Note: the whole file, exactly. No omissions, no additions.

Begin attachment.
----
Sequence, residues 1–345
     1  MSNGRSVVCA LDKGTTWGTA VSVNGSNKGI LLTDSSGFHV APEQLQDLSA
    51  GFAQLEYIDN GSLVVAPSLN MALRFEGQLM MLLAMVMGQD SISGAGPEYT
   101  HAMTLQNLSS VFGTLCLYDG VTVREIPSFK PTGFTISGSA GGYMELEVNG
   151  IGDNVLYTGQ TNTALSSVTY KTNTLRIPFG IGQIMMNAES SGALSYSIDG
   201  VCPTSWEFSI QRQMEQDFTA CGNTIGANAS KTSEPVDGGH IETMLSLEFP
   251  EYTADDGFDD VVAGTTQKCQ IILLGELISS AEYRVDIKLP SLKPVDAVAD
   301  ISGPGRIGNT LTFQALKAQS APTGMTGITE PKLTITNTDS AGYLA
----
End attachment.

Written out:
Sequence, residues 1–345
     1  MSNGRSVVCA LDKGTTWGTA VSVNGSNKGI LLTDSSGFHV APEQLQDLSA
    51  GFAQLEYIDN GSLVVAPSLN MALRFEGQLM MLLAMVMGQD SISGAGPEYT
   101  HAMTLQNLSS VFGTLCLYDG VTVREIPSFK PTGFTISGSA GGYMELEVNG
   151  IGDNVLYTGQ TNTALSSVTY KTNTLRIPFG IGQIMMNAES SGALSYSIDG
   201  VCPTSWEFSI QRQMEQDFTA CGNTIGANAS KTSEPVDGGH IETMLSLEFP
   251  EYTADDGFDD VVAGTTQKCQ IILLGELISS AEYRVDIKLP SLKPVDAVAD
   301  ISGPGRIGNT LTFQALKAQS APTGMTGITE PKLTITNTDS AGYLA